Four of nine key biophysical processes that regulate the stability of the Earth “system” are in jeopardy because of human activity, according to the results of studies recently published in the journal Science. The international team of 18 scientists who co-authored the article has been fine-tuning a set of planetary and regional boundaries that define “a safe operating space” for humanity.
“The human enterprise has grown so dramatically since the mid-20th century that the relatively stable, 11,700-year long Holocene epoch, the only state of the planet that we know for certain can support contemporary human societies, is now being destabilized.” they wrote. “A continuing trajectory away from the Holocene could lead, with an uncomfortably high probability, to a very different state of the Earth System, one that is likely to be much less hospitable to the development of human societies.”
One of the violated boundaries is the amount of phosphorus and nitrogen, key ingredients of farm fertilizers, that can safely cycle through soil to bodies of fresh water and finally into the oceans. The research reported for these flows was carried out by Elena Bennett, associate professor in McGill University’s department of natural resource sciences and in the school of environment, and Stephen Carpenter, director of the University of Wisconsin’s Center for Limnology.
In an interview, Dr. Bennett noted that earlier work on the planetary boundary for phosphorus only took into account data on the impact on marine environments. It didn’t look at another aspect vital to human well-being, namely how phosphorus flows affect fresh water bodies such as lakes, rivers and reservoirs. The research by Dr. Bennett and Dr. Carpenter confirmed their belief that including fresh water systems in the analysis would significantly alter the phosphorus boundary, making it more conservative.
Dr. Bennett has examined phosphorus data for areas of Quebec with lakes that have excessive nutrient levels, so-called eutrophic lakes. As a share of the total amount of phosphorus in a region, including what people import as fertilizer, food and detergent, the amount that actually makes its way into such lakes is only about five percent. But even that proportion is far too high, explained Dr. Bennett, because lakes, with so much less volume than oceans, are highly sensitive to excessive nutrients.
“When you cross these planetary or regional boundaries,” she said, “you become increasingly more likely to experience the kind of event you really don’t want to experience. There’s increased risk of surprises.” One of these surprises was the toxic blooms of blue-green algae in lakes, linked to high levels of phosphorus. This problem led to the closing of more than 75 recreational lakes in Quebec in 2007.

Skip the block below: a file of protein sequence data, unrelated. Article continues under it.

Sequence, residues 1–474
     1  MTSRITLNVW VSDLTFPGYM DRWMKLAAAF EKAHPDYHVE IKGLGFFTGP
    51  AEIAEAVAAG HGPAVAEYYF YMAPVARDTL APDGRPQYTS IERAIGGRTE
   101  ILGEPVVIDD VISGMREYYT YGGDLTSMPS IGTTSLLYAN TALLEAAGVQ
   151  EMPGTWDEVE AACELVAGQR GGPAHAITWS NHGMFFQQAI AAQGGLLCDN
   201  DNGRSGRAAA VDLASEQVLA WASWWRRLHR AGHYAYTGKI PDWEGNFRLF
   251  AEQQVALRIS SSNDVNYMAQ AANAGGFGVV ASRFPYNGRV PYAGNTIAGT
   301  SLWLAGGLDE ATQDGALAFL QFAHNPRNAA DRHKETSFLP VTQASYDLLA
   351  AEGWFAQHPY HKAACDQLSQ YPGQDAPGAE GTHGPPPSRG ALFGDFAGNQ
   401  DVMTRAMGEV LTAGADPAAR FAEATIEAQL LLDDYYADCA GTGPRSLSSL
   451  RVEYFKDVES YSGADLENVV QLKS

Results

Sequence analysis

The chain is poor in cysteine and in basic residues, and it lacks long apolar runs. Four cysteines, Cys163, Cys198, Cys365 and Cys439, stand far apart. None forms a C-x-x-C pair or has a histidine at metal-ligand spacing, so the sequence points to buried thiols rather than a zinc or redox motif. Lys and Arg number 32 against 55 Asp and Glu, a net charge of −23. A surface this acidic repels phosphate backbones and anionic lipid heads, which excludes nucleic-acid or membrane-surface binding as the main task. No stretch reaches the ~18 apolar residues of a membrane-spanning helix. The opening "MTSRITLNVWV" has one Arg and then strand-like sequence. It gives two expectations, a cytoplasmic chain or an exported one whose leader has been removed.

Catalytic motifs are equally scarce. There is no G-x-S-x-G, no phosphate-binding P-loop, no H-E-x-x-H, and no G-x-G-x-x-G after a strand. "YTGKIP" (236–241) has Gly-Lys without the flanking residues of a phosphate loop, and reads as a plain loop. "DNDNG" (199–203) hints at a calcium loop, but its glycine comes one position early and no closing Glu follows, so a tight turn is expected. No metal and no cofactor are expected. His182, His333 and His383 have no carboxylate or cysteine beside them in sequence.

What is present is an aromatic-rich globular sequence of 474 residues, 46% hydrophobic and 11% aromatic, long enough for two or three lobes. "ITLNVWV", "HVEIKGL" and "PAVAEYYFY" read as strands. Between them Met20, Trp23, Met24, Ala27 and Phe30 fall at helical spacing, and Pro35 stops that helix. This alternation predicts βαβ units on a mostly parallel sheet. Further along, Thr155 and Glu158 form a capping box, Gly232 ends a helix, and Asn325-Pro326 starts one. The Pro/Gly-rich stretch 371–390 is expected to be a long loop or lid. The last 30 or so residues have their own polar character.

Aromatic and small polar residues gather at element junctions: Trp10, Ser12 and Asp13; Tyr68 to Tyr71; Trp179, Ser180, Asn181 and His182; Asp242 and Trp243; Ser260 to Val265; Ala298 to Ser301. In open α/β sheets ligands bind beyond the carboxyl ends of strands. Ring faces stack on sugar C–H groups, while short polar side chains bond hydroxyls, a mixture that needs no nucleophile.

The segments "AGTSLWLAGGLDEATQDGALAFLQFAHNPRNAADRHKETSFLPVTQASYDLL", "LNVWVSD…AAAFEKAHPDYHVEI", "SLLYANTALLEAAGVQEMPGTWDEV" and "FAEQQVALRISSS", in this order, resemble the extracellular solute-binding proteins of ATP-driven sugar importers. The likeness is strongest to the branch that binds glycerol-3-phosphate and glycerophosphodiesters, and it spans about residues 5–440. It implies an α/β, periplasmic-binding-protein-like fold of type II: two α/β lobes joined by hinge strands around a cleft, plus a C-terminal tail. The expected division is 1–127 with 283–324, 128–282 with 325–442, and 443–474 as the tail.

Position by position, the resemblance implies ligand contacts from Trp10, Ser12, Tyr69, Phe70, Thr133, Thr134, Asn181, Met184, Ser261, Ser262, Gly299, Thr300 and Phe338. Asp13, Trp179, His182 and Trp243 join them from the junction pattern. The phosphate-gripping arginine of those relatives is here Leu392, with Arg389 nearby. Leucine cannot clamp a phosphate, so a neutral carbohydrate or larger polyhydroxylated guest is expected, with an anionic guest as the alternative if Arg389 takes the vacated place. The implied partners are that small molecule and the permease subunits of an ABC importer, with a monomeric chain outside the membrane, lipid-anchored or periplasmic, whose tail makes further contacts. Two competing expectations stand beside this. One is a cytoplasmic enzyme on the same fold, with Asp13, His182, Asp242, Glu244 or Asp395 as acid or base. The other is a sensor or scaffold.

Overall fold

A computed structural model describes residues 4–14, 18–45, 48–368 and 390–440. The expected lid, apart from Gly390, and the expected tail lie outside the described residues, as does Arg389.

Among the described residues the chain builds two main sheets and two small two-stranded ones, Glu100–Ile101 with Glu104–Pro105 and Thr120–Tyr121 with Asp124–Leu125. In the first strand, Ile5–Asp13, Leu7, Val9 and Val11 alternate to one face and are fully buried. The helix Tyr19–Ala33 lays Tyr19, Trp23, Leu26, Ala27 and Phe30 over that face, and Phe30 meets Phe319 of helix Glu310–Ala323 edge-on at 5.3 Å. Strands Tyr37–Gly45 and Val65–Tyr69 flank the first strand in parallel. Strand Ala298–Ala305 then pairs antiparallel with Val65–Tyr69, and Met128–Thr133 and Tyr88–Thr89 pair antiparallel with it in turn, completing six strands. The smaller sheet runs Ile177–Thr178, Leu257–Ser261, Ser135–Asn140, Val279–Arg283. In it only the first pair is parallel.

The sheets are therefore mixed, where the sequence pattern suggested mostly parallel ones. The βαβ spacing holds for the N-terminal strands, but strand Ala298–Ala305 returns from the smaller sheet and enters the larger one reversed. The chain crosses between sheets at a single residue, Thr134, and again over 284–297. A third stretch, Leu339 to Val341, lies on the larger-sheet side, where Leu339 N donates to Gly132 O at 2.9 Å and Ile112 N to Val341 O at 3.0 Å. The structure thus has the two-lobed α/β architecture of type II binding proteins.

“It’s like you’re stepping off the curb into traffic. While you’re up on the sidewalk [within the boundary], it’s pretty unlikely you’re going to get hit by a car. Stepping off the curb doesn’t necessarily mean you’ll be hit, but it sure increases the likelihood.”
Excessive buildup of phosphorus in farm soils in industrialized countries and its dispersal through erosion and other mechanisms into fresh water bodies differs from the situation in many developing countries. In Africa, especially, little fertilizer is applied to farm fields, and soils are typically deficient in this nutrient which is so vital to plant health. At the same time, the world supply of mined phosphorus for agriculture is limited and concentrated in just a few countries, notably Morocco.
Regional differences in phosphorus use and flows – too much in some areas and not enough in others – suggest that intentional redistribution and conservation of this earth element could lessen the environmental pressure on the planet, and improve food security at the same time. This could be done, says Dr. Bennett, through reduced consumption and recycling. For example, no-till farming methods and more precise timing of fertilizer applications could save a lot of wasted phosphorus. Moreover, reducing the amount of spoiled and wasted food, typically 30 to 40 percent of production, could save one million tonnes of phosphorus each year.
Besides excessive flows of phosphorus and nitrogen, the Science article reported that planetary boundaries related to three other key processes have been transgressed: climate change, loss of biosphere integrity (biodiversity loss and species extinction), and changes in land systems. In the case of global warming, the internationally agreed upper climate limit of two degrees lies beyond the climate change boundary. It is, the authors said, a risky target for humanity, and an absolute minimum for the global climate negotiations.